US8462328B2 - Efficient telecentric optical system (ETOS) - Google Patents

Efficient telecentric optical system (ETOS) Download PDF

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US8462328B2
US8462328B2 US13003725 US200913003725A US8462328B2 US 8462328 B2 US8462328 B2 US 8462328B2 US 13003725 US13003725 US 13003725 US 200913003725 A US200913003725 A US 200913003725A US 8462328 B2 US8462328 B2 US 8462328B2
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system
object
illuminating light
optical axis
dark field
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US20110122404A1 (en )
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David Fisch
Yigal Katzir
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Orbotech Ltd
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Orbotech Ltd
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    • GPHYSICS
    • G01MEASURING; TESTING
    • G01NINVESTIGATING OR ANALYSING MATERIALS BY DETERMINING THEIR CHEMICAL OR PHYSICAL PROPERTIES
    • G01N21/00Investigating or analysing materials by the use of optical means, i.e. using infra-red, visible or ultra-violet light
    • G01N21/84Systems specially adapted for particular applications
    • G01N21/88Investigating the presence of flaws or contamination
    • G01N21/8806Specially adapted optical and illumination features
    • GPHYSICS
    • G01MEASURING; TESTING
    • G01NINVESTIGATING OR ANALYSING MATERIALS BY DETERMINING THEIR CHEMICAL OR PHYSICAL PROPERTIES
    • G01N21/00Investigating or analysing materials by the use of optical means, i.e. using infra-red, visible or ultra-violet light
    • G01N21/84Systems specially adapted for particular applications
    • G01N21/88Investigating the presence of flaws or contamination
    • G01N21/8806Specially adapted optical and illumination features
    • G01N2021/8822Dark field detection
    • G01N2021/8825Separate detection of dark field and bright field
    • GPHYSICS
    • G01MEASURING; TESTING
    • G01NINVESTIGATING OR ANALYSING MATERIALS BY DETERMINING THEIR CHEMICAL OR PHYSICAL PROPERTIES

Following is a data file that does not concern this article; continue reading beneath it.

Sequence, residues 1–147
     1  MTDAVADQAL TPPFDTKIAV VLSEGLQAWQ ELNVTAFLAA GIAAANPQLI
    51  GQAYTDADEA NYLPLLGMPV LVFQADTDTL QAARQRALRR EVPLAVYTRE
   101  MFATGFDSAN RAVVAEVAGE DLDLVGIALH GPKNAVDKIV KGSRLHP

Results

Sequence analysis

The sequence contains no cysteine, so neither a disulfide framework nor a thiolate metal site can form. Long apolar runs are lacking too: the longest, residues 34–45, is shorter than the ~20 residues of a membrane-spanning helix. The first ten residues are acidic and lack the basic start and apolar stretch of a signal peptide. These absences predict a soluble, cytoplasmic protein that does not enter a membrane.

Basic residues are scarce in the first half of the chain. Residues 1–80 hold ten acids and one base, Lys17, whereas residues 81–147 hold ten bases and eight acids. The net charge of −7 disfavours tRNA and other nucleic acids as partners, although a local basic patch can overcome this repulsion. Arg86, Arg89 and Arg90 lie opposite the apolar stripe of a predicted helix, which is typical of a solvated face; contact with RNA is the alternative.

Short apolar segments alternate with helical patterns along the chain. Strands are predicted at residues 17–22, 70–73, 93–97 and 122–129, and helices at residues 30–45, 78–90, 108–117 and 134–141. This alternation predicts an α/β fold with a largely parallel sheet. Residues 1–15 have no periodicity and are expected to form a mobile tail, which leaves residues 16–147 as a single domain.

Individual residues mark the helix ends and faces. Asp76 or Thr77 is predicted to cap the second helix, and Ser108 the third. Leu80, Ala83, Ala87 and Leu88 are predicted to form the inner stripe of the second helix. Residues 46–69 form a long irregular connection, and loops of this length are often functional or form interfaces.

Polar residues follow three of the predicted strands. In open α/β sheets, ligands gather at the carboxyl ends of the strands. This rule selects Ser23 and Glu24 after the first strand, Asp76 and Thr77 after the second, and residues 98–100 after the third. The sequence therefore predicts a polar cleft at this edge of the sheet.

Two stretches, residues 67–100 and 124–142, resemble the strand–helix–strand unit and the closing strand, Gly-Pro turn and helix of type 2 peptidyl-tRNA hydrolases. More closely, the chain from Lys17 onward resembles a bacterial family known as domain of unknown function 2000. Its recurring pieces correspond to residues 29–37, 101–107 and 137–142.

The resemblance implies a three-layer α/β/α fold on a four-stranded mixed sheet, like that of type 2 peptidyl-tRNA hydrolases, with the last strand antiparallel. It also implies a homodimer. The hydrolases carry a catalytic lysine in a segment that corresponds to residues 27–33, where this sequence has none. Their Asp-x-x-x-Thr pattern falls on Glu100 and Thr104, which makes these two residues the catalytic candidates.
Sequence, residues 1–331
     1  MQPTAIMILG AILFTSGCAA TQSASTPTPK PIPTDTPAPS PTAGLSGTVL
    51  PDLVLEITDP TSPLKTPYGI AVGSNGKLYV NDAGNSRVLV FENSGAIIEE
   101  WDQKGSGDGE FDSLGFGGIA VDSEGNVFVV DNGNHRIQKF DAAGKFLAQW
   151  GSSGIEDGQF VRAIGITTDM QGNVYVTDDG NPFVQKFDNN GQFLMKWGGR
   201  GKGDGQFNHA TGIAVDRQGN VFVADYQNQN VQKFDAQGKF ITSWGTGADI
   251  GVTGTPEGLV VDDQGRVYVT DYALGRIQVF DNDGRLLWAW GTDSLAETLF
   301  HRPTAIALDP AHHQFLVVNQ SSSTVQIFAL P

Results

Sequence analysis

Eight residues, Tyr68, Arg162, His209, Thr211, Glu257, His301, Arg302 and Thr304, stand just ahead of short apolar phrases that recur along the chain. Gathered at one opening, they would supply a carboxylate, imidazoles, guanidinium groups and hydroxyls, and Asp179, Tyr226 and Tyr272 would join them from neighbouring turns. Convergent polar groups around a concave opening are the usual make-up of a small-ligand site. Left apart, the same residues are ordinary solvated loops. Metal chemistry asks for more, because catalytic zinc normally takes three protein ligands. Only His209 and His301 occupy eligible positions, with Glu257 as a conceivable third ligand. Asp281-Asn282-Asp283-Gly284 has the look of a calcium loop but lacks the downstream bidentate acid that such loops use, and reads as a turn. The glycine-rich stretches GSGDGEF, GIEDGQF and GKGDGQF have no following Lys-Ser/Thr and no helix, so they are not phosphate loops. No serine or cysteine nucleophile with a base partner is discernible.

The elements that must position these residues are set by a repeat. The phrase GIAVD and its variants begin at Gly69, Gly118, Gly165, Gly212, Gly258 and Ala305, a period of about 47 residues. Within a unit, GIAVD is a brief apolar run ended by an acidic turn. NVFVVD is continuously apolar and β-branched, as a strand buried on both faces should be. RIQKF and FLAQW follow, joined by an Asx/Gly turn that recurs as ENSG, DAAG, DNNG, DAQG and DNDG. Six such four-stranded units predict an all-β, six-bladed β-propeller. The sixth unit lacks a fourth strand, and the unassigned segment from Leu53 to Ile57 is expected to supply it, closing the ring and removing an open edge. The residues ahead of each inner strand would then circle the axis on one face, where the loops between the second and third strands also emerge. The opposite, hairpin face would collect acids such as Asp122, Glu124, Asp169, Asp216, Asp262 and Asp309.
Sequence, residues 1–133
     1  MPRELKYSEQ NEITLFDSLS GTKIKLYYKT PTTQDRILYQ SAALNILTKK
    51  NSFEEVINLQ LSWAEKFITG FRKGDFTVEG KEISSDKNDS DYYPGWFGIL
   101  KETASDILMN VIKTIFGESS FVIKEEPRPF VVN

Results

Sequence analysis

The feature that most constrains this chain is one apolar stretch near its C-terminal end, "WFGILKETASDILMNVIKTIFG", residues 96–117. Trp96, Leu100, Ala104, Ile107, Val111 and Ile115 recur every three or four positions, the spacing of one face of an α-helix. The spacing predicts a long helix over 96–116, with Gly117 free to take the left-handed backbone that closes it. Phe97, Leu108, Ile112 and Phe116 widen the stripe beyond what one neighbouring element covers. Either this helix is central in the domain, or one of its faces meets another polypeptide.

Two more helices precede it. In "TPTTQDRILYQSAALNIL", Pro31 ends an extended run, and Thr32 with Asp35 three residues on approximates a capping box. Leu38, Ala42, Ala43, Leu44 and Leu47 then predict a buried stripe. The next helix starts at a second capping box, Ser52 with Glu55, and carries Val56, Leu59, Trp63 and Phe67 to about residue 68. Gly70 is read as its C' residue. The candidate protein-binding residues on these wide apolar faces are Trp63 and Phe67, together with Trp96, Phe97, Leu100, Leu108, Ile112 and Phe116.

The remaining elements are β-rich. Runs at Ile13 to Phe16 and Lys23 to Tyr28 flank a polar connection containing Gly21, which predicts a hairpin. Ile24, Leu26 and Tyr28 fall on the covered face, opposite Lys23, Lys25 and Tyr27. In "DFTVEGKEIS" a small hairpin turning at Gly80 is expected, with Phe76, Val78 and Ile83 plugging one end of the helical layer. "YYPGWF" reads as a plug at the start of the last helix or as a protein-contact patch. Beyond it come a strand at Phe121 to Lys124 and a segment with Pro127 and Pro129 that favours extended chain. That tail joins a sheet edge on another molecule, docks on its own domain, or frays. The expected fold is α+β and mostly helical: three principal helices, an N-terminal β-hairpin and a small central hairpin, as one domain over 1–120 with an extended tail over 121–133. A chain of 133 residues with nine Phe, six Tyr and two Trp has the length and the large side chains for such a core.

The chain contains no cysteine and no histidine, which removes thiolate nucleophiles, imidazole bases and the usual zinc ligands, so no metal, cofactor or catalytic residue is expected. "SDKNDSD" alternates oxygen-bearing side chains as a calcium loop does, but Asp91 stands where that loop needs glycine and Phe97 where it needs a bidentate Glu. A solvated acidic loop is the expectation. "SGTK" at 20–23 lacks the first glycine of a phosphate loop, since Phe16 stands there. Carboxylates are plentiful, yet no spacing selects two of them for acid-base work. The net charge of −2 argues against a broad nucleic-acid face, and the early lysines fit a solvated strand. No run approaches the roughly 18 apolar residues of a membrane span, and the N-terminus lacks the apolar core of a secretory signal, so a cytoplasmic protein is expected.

• G01N21/00Investigating or analysing materials by the use of optical means, i.e. using infra-red, visible or ultra-violet light
    • G01N21/84Systems specially adapted for particular applications
    • G01N21/88Investigating the presence of flaws or contamination
    • G01N21/95Investigating the presence of flaws or contamination characterised by the material or shape of the object to be examined
    • G01N2021/9513Liquid crystal panels
    • GPHYSICS
    • G01MEASURING; TESTING
    • G01NINVESTIGATING OR ANALYSING MATERIALS BY DETERMINING THEIR CHEMICAL OR PHYSICAL PROPERTIES
    • G01N21/00Investigating or analysing materials by the use of optical means, i.e. using infra-red, visible or ultra-violet light
    • G01N21/84Systems specially adapted for particular applications
    • G01N21/88Investigating the presence of flaws or contamination
    • G01N21/95Investigating the presence of flaws or contamination characterised by the material or shape of the object to be examined
    • G01N21/956Inspecting patterns on the surface of objects
    • G01N2021/95638Inspecting patterns on the surface of objects for PCB's
    • GPHYSICS
    • G01MEASURING; TESTING
    • G01NINVESTIGATING OR ANALYSING MATERIALS BY DETERMINING THEIR CHEMICAL OR PHYSICAL PROPERTIES
    • G01N2201/00Features of devices classified in G01N21/00
    • G01N2201/06Illumination; Optics
    • G01N2201/062LED's
    • GPHYSICS
    • G01MEASURING; TESTING
    • G01NINVESTIGATING OR ANALYSING MATERIALS BY DETERMINING THEIR CHEMICAL OR PHYSICAL PROPERTIES
    • G01N2201/00Features of devices classified in G01N21/00
    • G01N2201/06Illumination; Optics
    • G01N2201/067Electro-optic, magneto-optic, acousto-optic elements
    • G01N2201/0675SLM

Abstract